Island couple lulled into false sense of confidence
Boudreaus invested $ 340,000 in mortgage scheme recommended by Ian Thow


Wednesday, May 30, 2007



British Columbia Securities Commission investigator Keven Stuart ( left), is questioned by prosecutor Doug MacKay at hearing for broker Ian Thow.

A retired Vancouver Island couple who were financially devastated by rogue Victoria broker Ian Thow described Tuesday how they were lulled into a false sense of confidence by Thow’s good standing in the community.

Gloria Boudreau of Sidney told a B. C. Securities Commission hearing panel that in March 2004 she and her husband invested $ 349,000 — including $ 200,000 borrowed against their home — in a mortgage investment scheme recommended by Thow. “ We never saw a penny of it,” she said. Asked by commission lawyer Doug MacKay how the loss has affected them, she said they previously had a very comfortable lifestyle, a lovely home, no debt and money in the bank. “ We lost that. It was really difficult.” “ It has had a tremendous impact on our well- being,” added her husband Gerry. “ He just ruined a lot of things for us. He’s stolen our son’s inheritance, that’s one thing.”

Asked why they invested with Thow, Gerry Boudreau said they initially bought mutual funds at Thow’s suggestion and lost a lot of money. Thow told them they could make it up by investing in a first mortgage loan to a Vancouver development company that would pay a high rate of return.

“He had us in a very vulnerable time in our lives. ... He knew exactly what he was doing,” he said.

Boudreau said that, at the time, he trusted Thow: “ For one thing, he was a senior vice- president of Berkshire [ Securities]. He was a member of their advisory board. He was well- known in the community.”

Gloria Boudreau said Thow had “ quite a reputation around Victoria.” She said he was involved with the CrimeStoppers program; he was a “ big wheel” in Rotary; and he gave money to hospitals and various other charities.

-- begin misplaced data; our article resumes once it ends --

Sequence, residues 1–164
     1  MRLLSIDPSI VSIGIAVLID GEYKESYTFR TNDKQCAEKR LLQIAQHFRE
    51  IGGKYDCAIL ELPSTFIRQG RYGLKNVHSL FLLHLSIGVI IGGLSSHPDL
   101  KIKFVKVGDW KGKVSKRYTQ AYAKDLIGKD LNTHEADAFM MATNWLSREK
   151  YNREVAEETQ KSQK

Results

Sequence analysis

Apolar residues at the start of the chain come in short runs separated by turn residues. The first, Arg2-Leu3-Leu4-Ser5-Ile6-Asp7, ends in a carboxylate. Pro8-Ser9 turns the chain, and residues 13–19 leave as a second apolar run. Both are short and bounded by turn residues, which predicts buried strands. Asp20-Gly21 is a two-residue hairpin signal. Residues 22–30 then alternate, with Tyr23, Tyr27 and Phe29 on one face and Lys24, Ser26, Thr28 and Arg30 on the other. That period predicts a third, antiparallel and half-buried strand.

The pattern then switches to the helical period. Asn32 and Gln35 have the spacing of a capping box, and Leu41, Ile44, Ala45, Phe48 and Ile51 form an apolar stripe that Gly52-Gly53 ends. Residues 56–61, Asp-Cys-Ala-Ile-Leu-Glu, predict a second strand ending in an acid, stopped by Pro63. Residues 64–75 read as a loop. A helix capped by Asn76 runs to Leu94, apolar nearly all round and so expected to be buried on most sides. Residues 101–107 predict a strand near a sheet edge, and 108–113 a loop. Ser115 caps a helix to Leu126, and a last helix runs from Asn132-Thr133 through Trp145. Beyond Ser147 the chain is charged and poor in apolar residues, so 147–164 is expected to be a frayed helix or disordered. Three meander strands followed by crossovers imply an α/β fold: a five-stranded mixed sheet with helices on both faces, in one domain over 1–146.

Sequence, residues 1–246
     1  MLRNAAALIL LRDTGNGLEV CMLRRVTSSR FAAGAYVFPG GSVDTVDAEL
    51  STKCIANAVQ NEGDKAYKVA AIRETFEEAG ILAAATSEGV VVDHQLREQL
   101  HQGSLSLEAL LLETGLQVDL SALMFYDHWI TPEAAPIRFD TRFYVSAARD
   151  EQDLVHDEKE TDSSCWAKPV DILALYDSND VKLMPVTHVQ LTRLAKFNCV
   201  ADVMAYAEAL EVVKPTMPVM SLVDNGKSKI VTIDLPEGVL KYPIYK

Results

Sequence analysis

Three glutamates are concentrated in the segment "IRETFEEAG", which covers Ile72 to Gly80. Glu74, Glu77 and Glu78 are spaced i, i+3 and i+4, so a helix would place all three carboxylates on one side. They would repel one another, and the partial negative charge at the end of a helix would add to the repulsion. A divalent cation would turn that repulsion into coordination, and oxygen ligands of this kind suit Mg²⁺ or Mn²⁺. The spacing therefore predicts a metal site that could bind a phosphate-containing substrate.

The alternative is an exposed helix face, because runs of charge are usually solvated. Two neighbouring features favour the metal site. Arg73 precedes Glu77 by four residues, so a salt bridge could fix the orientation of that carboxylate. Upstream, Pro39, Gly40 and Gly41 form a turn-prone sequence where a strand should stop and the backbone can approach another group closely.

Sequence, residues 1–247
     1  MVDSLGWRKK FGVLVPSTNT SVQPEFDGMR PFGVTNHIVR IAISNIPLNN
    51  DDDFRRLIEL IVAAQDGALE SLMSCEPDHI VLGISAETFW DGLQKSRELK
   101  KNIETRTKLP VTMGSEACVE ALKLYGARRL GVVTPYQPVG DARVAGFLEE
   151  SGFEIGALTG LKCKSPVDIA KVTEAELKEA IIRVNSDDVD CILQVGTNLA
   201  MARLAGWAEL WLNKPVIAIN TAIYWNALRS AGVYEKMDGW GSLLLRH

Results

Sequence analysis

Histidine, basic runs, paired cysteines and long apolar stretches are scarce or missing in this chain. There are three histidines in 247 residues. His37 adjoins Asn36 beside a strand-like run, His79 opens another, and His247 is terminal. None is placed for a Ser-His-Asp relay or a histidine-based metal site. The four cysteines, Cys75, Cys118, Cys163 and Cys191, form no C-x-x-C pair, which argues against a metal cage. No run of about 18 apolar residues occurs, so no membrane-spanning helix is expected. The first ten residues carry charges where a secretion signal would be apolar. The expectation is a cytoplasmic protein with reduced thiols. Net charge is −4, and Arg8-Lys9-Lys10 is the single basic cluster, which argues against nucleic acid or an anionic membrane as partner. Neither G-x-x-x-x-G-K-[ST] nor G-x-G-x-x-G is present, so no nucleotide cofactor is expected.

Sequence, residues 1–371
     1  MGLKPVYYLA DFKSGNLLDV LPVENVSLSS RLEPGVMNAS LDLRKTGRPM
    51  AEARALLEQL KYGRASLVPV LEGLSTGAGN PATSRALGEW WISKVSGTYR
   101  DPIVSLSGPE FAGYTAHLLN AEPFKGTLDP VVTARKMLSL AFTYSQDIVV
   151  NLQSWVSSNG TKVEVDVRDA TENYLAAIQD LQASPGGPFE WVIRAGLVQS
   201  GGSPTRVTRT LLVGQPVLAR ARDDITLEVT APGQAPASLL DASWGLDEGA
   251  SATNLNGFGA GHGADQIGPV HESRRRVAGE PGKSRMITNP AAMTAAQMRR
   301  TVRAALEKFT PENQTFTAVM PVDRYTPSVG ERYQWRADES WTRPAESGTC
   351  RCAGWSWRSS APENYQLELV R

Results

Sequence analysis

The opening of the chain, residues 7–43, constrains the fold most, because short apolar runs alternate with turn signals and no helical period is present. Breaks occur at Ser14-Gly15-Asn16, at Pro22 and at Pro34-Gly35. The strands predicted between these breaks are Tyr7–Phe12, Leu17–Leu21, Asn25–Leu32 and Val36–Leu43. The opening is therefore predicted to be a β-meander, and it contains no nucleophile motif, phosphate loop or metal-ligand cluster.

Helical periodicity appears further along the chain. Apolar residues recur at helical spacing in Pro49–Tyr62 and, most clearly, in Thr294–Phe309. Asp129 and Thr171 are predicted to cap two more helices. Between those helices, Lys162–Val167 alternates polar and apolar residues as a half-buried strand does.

“He seemed to be highly thought of in the community,” she said.

None of the investments were approved by Berkshire. In June 2005, after the firm realized what he was doing and confronted him, Thow quit Berkshire, went into bankruptcy and fled to Seattle. RCMP are investigating the matter and are expected to lay charges.

Securities commission enforcement staff allege that Thow duped investors out of up to $ 30 million in a variety of bogus investment schemes, including the mortgage scheme and non- existent preferred shares of the National Commercial Bank of Jamaica, and a fictitious initial public offering of Berkshire shares.

The hearing before a panel headed by commission vice-chair Brent Aitken started Tuesday, but neither Thow nor his lawyer showed up. At MacKay’s urging, the panel decided to proceed without him.

In his opening remarks, MacKay said that, due to time and cost constraints, he did not intend to trace all $ 30 million that Thow is alleged to have diverted from investors. Rather he would trace just $ 5.5 million, which he argued is more than sufficient to warrant a lifetime expulsion from the market and a $ 100,000 fine, the maximum penalties under the Securities Act at the time of the infractions.

MacKay noted that the Mutual Fund Dealers Association is investigating Berkshire’s conduct in the affair. Among the 25 people in attendance was Berkshire’s general counsel, Julie Clarke.

“ We are certainly interested in what happens and getting as much information out of the process as we can,” she said in an interview. “ This is certainly something that no company wants to go through.”

The hearing continues today with more testimony from victims. It is being held at the commission’s offices on the 12th floor of 701 West Georgia.



Ian Thow takes flight